This piece presents the opinions of the author.
It does not necessarily reflect the views of Rigzone.
Perfect is the enemy of the good, so the old saying goes. And it certainly rings true when it comes to co-employment in the oil and gas sector. By acting in the mistaken belief that it’s possible to eliminate co-employment risks (almost) entirely, many companies are focusing efforts on the wrong things and missing out on valid ways to mitigate it.
So, what are the persistent misunderstandings around co-employment, and how should oil and gas companies go about managing their risk?
Co-employment is an arrangement where a client – such as an offshore operator for example – works with a staffing agency or workforce solutions provider to fill roles. Crucially, that third party supplier doesn’t just act as a recruitment agency, finding employees for a fee, but takes an active role in their employment.
This might mean that a contractor is ‘employed’ by the supplier in that they retain responsibility for payroll, taxes, benefits etc. However, at the same time their regular place of work will be run by the operator, their ‘boss’ might be employed by the operator, and responsibility towards the employee’s on-site health and safety resides with the operator.
Hence the term “co-employment”. Both the client and supplier hold a portion of the responsibilities usually owed to an employee by the employer.
Understandably, there are risks involved. What if this new contractor makes a major safety error that causes accident or injury? The client certainly won’t want to take responsibility. Or what if there are legal issues relating to visas or right to work? Again, if at all possible, shift that liability onto the supplier.
But the rules around co-employment are far from clear cut, and can vary from territory to territory – a complicating factor for international operations such as are typical in this sector. In practice, which party counts as the real ‘employer’ and therefore retains responsibility can become a matter for the legal teams.
As a result, clients naturally look for ways to eliminate the risk of being pinned with ‘employer’ responsibility instead of the supplier.
This leads to a number of misinformed practices. For example, some operators have rules in place that flag whether a contractor has been working for them for two years, at which point they are forced to leave for six months so as not to be counted as an employee.
The problem is, this is misguided advice. Remember the duck test: if it looks like a duck, swims like a duck and quacks like a duck, it’s probably, in fact, a duck.
If a contractor looks like an employee, acts like an employee and turns up to work every day the same as an employee, there’s a real risk that a court may find that they are, in fact, an employee. Six months off here and there is only a limited protection against that.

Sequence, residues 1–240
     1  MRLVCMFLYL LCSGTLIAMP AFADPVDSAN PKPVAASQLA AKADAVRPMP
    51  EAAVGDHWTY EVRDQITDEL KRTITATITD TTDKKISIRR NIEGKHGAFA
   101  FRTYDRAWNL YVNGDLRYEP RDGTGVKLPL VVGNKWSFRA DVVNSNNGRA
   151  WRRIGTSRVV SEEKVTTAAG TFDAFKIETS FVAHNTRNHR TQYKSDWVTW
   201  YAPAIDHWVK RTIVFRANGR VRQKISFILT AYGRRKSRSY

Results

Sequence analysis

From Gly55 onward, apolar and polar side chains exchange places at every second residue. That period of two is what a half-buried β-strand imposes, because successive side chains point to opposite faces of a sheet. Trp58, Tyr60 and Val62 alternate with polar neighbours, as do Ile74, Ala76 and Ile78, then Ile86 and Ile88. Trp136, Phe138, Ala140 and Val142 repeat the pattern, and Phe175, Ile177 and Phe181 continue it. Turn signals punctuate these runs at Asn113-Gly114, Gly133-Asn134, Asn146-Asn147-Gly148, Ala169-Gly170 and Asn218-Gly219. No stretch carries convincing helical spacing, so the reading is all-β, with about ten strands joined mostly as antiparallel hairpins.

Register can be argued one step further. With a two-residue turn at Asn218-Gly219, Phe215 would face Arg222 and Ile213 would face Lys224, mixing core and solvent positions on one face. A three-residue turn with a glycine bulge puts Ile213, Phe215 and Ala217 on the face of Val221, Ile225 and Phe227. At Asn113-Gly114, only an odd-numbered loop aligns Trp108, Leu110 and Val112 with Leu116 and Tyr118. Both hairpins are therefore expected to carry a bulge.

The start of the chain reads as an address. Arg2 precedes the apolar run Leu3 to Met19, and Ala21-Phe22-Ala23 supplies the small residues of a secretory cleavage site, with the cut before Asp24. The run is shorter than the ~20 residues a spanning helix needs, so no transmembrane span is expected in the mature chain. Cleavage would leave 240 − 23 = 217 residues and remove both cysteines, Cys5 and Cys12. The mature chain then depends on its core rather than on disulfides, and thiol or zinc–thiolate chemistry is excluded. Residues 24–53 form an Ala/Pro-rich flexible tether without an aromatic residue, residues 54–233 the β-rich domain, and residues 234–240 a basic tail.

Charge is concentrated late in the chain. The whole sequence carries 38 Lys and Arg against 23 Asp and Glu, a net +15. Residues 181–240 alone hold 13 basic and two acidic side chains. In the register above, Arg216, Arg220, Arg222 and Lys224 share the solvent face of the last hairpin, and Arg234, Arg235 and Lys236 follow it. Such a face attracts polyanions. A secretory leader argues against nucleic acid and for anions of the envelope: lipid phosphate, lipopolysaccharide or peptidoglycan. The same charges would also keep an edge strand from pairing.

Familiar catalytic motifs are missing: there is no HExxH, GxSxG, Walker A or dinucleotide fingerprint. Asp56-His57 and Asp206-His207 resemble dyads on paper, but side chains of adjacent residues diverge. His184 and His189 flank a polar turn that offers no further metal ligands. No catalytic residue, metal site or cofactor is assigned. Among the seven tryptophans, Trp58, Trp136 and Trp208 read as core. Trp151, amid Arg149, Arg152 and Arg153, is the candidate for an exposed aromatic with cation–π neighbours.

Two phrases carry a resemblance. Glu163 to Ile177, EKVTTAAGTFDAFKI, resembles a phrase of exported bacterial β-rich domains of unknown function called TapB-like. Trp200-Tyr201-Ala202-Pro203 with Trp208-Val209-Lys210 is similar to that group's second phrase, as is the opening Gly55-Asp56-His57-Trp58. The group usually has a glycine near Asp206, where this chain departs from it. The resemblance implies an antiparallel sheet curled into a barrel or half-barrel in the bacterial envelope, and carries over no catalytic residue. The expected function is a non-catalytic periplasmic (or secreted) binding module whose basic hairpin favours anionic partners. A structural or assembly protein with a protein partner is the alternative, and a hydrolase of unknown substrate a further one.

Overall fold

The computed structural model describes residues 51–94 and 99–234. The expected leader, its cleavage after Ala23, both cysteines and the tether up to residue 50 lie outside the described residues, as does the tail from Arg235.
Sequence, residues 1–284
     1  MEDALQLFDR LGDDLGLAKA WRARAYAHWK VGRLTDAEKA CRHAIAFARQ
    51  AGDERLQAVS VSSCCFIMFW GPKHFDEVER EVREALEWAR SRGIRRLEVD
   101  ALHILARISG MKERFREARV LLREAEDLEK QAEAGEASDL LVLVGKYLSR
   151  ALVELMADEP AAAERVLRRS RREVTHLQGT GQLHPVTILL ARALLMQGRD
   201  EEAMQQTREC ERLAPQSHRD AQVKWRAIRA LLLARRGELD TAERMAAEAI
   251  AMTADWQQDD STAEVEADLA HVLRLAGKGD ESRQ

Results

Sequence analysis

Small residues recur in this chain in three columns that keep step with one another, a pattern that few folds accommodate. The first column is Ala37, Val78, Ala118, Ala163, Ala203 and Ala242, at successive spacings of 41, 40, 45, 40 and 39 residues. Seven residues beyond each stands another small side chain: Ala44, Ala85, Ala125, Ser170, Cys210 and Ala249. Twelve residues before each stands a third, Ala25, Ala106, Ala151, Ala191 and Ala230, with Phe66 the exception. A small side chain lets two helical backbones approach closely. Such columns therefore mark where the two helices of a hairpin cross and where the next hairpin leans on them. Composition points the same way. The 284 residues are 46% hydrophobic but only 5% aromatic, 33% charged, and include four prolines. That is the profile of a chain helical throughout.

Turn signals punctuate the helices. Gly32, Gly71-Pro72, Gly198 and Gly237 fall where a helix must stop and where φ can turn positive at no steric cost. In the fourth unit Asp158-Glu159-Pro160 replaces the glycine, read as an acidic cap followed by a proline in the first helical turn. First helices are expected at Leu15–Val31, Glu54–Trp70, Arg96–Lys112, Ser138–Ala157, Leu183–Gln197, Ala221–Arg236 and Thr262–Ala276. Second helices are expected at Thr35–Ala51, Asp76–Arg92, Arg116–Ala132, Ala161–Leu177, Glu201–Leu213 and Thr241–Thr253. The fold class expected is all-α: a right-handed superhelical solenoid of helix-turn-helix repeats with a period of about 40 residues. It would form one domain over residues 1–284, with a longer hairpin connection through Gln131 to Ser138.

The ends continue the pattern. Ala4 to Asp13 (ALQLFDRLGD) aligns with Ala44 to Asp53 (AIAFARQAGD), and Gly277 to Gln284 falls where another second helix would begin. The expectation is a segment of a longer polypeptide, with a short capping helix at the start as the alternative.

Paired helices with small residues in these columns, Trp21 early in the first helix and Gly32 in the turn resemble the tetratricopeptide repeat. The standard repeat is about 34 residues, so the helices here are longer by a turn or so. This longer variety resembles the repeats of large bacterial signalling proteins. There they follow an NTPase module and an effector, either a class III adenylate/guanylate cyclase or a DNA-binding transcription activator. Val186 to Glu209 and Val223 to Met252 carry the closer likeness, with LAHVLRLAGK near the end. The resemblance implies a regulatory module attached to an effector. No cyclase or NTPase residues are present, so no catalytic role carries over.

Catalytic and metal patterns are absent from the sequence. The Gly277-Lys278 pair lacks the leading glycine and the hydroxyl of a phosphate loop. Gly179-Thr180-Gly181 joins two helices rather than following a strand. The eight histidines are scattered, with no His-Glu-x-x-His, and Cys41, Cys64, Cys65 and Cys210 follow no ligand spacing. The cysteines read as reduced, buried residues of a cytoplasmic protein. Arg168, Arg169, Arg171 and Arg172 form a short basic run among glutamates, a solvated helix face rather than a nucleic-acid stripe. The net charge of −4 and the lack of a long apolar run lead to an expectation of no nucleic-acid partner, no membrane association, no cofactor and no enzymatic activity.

Or take the idea that by spreading contracts across a variety of workforce solution suppliers, risk is reduced. After all, the thinking goes, if there’s a problem with one it may not be replicated across the others.
However, that’s not necessarily the case, and ignores the benefits of a preferred supplier relationship. If you represent a small slither of business for a supplier, they are less likely to tolerate risk. If you are a major contract for them, they are more likely to work hard to make sure that relationship works. That goes for co-employment as much as any other supply chain issue.
The point is, when push comes to shove, if there is a major incident, co-employment is a thorny subject and there are no guarantees. Rather than trying fruitlessly to completely offload the risk then, instead look at ways of mitigating it.
This boils down to picking the right partner. Instead of fretting about passing on risk, think about how to reduce it in the first place. In practice, this means doing your due diligence and putting a new supplier under the spotlight in three main areas.
In the event of a problem, the best supplier is one with the financial clout to weather the storm.
A smaller supplier may feel easier to dictate terms to, but if disaster strikes and it doesn’t have the balance sheet to settle the liability, then the lawyers will look to who’s next in line – most likely the client.
Does the prospective partner have a history and experience in dealing with legal and compliance issues? How well resourced is the compliance team? How is their record keeping? Does it deliver all services itself or rely on partners? If the latter, what are they like? A supplier well-versed in employment law is far less likely to inadvertently create risk.
The most important thing in any workplace is employee safety – easy in an office environment, harder in an offshore oil and gas posting. So when selecting a workforce solutions provider it’s important to consider where it’s registered, what its health and safety policies are like and whether it has a good safety culture and track record.
The latter two aspects are inextricably linked to geographic footprint too. A supplier with a network of global offices and an established track record in different markets around the world is far more likely to be au fait with local employment law and safety issues than one who attempts to serve the world from just a couple of locations.
So, are companies wasting efforts in search of perfect co-employment risk management at the expense of effective policies? Quite possibly – but by refocusing on the quality of their supplier partners and performing the necessary due diligence, they can take a more informed and ultimately lower-risk approach.